- A residential schedule
- A holiday schedule
- A vacation schedule
- Provisions for reasonable telephone and electronic contact with each parent
A residential schedule is the foundation of the child visitation schedule, and should provide the child with stability, structure and regularly scheduled time with both parents.
A holiday schedule supersedes the residential schedule and should be included to allow the child equitable time with his or her parents for holidays and special occasions. Many parents opt to rotate holidays, alternating them during even and odd years, but you may address each holiday individually and make arrangements for them in advance, as you would like.
A vacation schedule, or provisions for vacation time, should also be included so that the child may have extended time with each parent for vacations and school breaks.
It is often difficult to predict exactly when a parent is going to be able to take personal vacation times. You may include verbiage that indicates how much advanced notice a parent should give the other in order to spend vacation time with the child.
What are some examples of Rhode Island custody schedules?
Some common custody schedules include:
- The child living with one parent during the week and visiting the other parent on weekends
- The child living with one parent during the week and having mid-week and weekend visitation with the other parent
- The child alternating residences every three or four days
- The child alternating residences every week
- The child living with one parent during the week and having overnight and mid-week visits along with visits on alternating weekends
Of course, any of these schedule ideas can be modified to fit your situation.
As you consider when to schedule visitation, you should think about if the schedule will help your child excel in school, if it works with the parents' employment schedules, if it allows your child to continue with extracurricular activities, if it allows your child to see friends and relatives, etc.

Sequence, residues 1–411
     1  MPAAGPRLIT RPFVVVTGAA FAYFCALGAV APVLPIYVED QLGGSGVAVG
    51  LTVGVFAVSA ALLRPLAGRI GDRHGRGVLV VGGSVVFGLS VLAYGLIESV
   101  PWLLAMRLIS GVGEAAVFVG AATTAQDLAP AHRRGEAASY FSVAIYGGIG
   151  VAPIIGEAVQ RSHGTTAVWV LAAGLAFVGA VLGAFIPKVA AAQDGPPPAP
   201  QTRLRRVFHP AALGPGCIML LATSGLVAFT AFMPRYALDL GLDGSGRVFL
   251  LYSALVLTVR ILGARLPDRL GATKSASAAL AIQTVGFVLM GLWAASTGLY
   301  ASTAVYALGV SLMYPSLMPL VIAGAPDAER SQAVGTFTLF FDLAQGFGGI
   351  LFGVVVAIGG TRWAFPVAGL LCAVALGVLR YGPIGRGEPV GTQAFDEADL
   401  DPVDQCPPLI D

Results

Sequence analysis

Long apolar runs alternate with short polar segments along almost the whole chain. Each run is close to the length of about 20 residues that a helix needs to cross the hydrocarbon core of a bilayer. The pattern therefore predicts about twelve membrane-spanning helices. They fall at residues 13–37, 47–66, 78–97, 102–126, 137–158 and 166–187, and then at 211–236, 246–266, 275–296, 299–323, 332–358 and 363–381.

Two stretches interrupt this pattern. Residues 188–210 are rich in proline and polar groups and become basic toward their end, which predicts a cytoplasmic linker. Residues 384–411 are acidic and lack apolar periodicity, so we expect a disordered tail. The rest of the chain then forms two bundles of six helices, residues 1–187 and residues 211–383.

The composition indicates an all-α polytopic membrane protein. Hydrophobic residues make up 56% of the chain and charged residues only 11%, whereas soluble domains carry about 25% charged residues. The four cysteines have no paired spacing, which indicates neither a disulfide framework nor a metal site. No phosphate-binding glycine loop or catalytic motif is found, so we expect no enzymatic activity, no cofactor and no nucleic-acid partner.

Considering all aspects of your child's life and thinking about a schedule that both parents can support will help you create the most effective schedule for your circumstances. If you do this, the court of Rhode Island will be able to accept a good schedule as the custody order.
What if I am unable to agree with my ex on the custody schedule?
Most courts in Rhode Island have a set (or standard) visitation schedule that they will assign to families when they are unable to agree on a child visitation schedule on their own.
While there may be "standard" visitation schedules, there is no such thing as a "standard" child. Each child is unique and the needs of each child vary, so it makes sense that you should attempt to create a visitation schedule that encompasses the individual needs of your child.
As your child's needs may be much different than that of a "standard" child, it is always better to make every effort to create a visitation schedule tailored to your child, rather than to have one created and mandated by the court.
Mediation is available to assist parents that are unable to agree and need help negotiating a schedule.
It is only on request, or when all options and attempts at agreeing have been exhausted, that a court will create the child visitation schedule.
The top thirteen cities in Rhode Island (by population, US Census Bureau, 2008) are: Providence, Warwick, Cranston, Pawtucket, East Providence, Woonsocket, North Providence, West Warwick, Newport, Bristol, Central Falls, Westerly, Barrington.